Long wait times for health care predated pandemic

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Appeared in the Toronto Sun, April 27, 2022
Long wait times for health care predated pandemic

After a two-year battle with COVID-19, Toronto’s top public health official recently expressed cautious optimism as cases continue to decline. However, as we now hopefully near the end of this battle, it’s time to look around and survey the damage across Canada.

One of the many consequences of the necessary focus on COVID has been the associated lack of resources available for other health-care services. The result? According to the latest data, in 2021, across 12 specialities, Canadians waited a median of 25.6 weeks between referral from a general practitioner to receipt of elective treatment, the longest wait time ever recorded. And to be clear, elective surgery does not usually refer to optional, but rather scheduled or planned treatments (in contrast to emergencies) such as hip and knee surgery but also pre-emptive cancer and elective cardiac bypass and stent surgeries.

This represents a 175 per cent jump from when this measurement was first taken in 1993 when the median wait time was 9.3 weeks. Importantly, however, Canadians could also expect to wait 20.9 weeks for treatment in 2019—before the pandemic started. So while COVID exacerbated wait times over the past two years, patients still faced significant wait times prior to the pandemic.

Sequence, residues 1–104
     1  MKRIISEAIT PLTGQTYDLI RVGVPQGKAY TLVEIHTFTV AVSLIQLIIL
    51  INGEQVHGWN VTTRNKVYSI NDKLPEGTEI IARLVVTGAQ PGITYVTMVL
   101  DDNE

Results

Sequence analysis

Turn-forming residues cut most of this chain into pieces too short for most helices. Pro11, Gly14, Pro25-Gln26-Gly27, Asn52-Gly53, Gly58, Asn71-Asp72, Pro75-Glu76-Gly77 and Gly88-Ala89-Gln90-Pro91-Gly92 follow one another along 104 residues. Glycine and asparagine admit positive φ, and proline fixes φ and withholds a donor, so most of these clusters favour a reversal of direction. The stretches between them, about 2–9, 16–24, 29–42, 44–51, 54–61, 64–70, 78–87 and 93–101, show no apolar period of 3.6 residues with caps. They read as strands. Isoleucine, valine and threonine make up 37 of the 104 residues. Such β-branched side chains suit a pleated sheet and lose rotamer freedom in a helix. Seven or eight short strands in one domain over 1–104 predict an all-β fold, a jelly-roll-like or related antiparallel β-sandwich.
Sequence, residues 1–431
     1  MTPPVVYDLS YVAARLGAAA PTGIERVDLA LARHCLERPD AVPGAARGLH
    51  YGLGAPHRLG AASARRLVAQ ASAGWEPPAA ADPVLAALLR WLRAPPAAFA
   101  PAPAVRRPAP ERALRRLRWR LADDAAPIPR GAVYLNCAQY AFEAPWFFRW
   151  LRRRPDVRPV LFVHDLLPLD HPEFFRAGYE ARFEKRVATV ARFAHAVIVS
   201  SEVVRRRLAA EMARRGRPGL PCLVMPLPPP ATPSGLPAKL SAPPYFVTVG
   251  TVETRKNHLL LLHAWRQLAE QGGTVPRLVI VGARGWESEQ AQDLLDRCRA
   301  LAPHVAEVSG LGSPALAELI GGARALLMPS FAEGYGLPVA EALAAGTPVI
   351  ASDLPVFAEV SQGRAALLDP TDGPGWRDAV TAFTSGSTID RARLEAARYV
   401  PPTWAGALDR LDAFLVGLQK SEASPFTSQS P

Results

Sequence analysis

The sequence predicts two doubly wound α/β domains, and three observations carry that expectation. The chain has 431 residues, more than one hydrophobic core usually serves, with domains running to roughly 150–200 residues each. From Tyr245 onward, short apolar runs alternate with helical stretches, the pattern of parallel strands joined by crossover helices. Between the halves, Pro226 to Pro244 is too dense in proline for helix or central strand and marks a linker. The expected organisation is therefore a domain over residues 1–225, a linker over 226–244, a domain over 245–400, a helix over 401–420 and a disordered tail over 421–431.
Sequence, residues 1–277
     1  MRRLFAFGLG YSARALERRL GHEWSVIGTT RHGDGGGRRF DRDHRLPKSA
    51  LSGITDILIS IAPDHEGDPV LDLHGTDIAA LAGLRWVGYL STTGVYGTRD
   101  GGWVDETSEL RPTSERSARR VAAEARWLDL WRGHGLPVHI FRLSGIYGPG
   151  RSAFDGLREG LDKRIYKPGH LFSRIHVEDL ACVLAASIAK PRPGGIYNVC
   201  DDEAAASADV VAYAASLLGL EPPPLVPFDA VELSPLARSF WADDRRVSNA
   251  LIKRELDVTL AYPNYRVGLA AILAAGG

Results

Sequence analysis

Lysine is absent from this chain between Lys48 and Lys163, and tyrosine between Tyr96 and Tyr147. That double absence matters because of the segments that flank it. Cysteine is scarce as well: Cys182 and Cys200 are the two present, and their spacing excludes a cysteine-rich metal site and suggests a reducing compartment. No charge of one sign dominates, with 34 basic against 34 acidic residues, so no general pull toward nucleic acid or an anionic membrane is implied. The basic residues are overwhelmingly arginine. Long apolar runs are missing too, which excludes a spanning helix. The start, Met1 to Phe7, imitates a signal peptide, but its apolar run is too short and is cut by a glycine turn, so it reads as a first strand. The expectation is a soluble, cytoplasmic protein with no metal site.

Of course, wait times vary significantly across provinces. Ontario reported the shortest median provincial wait in 2021 (18.5 weeks) while Nova Scotia reported the longest (53.2 weeks).

Wait times also vary by specialty. For example, Canadians could expect a median wait time of 49.2 weeks for neurosurgery and 46.1 weeks for orthopaedic surgery. However, radiation and medical oncology treatments had the shortest wait times at 3.7 and 4.4 respectively with cardiology coming in at the third shortest wait at 11.8 weeks.

For diagnostic technology, where long wait times can lead to poorer health outcomes, in 2021 Canadians could expect to wait 10.2 weeks for an MRI, 5.2 weeks for a CT scan and 3.6 weeks for an ultrasound. For CT scans, four provinces (including Ontario) had a wait time of four weeks—shorter than other provinces. For MRI scans, Ontario continued to outperform other provinces with the shortest wait times in Canada (six weeks). Alberta had the longest wait time for diagnostic technology for both CT scans (10 weeks) and MRIs (24 weeks) while Prince Edward Island reported the longest wait times in the country for ultrasounds (16 weeks).

Overall, an estimated 1.4 million Canadians waited for an elective procedure in 2021—a 16 per cent increase from the year before. If we assume that each Canadian was only waiting for one procedure, this figure would represent 3.7 per cent of the population that year.

With the damage surveyed, Canadians are beginning to get a clearer picture of the state of our health-care system now that we are, hopefully, transitioning to a post-pandemic world. With some of the longest wait times in the developed world, provincial governments must take a hard look at their programs if they hope to provide timely relief to Canadians currently waiting for medically necessary care.

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